Feminism Mhairi Hunter Ungagged Writing violence against women

Call it Out!

Drink Spiking, rape culture and other harmful normalisation of misogyny…

by Mhairi Hunter

On October 22, MP Kirsty Blackman published a letter of complaint she had sent to the Evening Express newspaper about an opinion column they had published on drink spiking.

The article was appalling and suggested that “We must not understate the seriousness of drink spiking and the results of it, but surely it is the responsibility of the individual to keep themselves safe.”

Following receipt of Kirsty’s letter, the Evening Express correctly printed an apology and acknowledged that they should not have published the column.

But the scale of their error is something I still find shocking.

The column was published following the launch of a campaign by young women across the UK to demand stronger action on drink spiking.

Their campaign entails boycotting nightclubs on designated nights until clubs introduce bystander training for staff, provide an identifiable welfare officer, implement zero tolerance of spiking and clear reporting policies, and provide anti-spike devices, such as drinks stoppers.

In addition, the campaign is supporting a petition to make it a legal requirement for clubs to search guests on entry.

There has been a lot of chat on social media, picked up by mainstream outlets, about needle spiking, with suggestions that women have been directly injected in nightclubs. Many have pointed out that injecting someone surreptitiously would be extremely difficult – but that doesn’t mean that there aren’t idiots trying to do it.

And questions about whether needle spiking is really happening shouldn’t detract from the fact that drink spiking is undoubtedly a very real problem and a specific and serious criminal offence in Scotland, officially known as the offence of administering a substance for sexual purposes.

The idea that the onus should be on women to protect themselves against someone surreptitiously drugging them to make it easier to rape them is repugnant.

It is particularly objectionable following the trial of Sarah Everard’s murderer, and cack-handed suggestions in its aftermath about how she might have been able to better protect herself.

Women are vigilant every day of their lives but that does not prevent them from being targeted and assaulted and even, with appalling frequency, murdered. It is beyond time that the focus shifted away from the behaviour of victims and onto the behaviour of perpetrators and the rape culture that helps to create and sustain gender-based violence.

That’s why I was happy to see a new campaign – Don’t Be That Guy – from Police Scotland calling out male sexual entitlement. The campaign was launched with a great video, scripted by Alan Bissett and a dedicated website That Guy (that-guy.co.uk)

Crucially, the campaign recognises that gender-based violence starts with male sexual entitlement and challenges men to take a hard look at their attitudes and behaviour, at home, at work and when socialising. It explicitly calls on men to stop ignoring a culture that objectifies, demeans, and ultimately brutalises women.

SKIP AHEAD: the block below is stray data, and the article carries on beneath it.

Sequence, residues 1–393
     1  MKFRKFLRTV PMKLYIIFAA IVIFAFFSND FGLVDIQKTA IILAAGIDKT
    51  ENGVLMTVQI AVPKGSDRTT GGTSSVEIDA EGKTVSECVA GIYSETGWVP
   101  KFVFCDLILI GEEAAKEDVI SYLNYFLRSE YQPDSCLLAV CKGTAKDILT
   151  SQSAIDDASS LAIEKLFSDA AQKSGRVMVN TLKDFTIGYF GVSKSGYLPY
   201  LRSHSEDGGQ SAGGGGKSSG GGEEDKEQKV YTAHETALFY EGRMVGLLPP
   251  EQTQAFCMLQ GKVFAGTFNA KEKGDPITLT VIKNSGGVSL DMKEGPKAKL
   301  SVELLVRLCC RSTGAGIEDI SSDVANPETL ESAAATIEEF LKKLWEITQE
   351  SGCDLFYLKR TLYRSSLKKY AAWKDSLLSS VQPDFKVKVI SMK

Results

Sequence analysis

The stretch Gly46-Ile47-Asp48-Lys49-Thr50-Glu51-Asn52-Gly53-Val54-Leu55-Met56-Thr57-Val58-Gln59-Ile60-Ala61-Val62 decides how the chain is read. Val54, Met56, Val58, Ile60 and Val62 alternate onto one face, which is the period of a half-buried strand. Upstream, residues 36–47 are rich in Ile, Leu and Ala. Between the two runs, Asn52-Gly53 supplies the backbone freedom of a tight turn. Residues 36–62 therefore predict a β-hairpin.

This is long overdue in my view, and I hope it is the start of a sustained and national conversation about finding better ways to be a man.

The reaction from some men has been a bit defensive and I completely understand why. As individuals, they may justifiably feel that they are not responsible for the behaviour of other men. They may feel helpless in the face of behaviour they find completely abhorrent.

But they’re not helpless. As individuals, of course men can’t single-handedly tackle rape culture. But collectively, they can do a lot more to challenge it. Collectively, men have the power to deliver fundamental cultural change and doing so will benefit them as well as benefiting women.

No-one just wakes up one morning and decides to rape someone. That behaviour starts with smaller scale abuse which is harmful to women but is often minimised by the perpetrator’s friends, colleagues and family.

That’s what people do in our society. It’s what they’ve learned to do. A certain level of misogyny is normalised and tolerated. People don’t want to be accused of being too po-faced or politically correct, or risk falling out with a friend by challenging them. Why, then, are we surprised that behaviour which is never called out can escalate to the point of criminality?

Calling out the behaviour of friends, family members or colleagues, never mind our own behaviour, is a difficult thing to do, I do understand that. But not doing so risks giving abusers the impression that their behaviour is accepted. And the more men become willing to call it out, the easier it will become.

The reward can be a country where women are less afraid to simply walk down the street because of men, where children are less likely to witness and be damaged by gender-based violence, and where fewer men end up in prison, ruining their own lives as well as harming others. Isn’t that worth striving for?

by Mhairi Hunter

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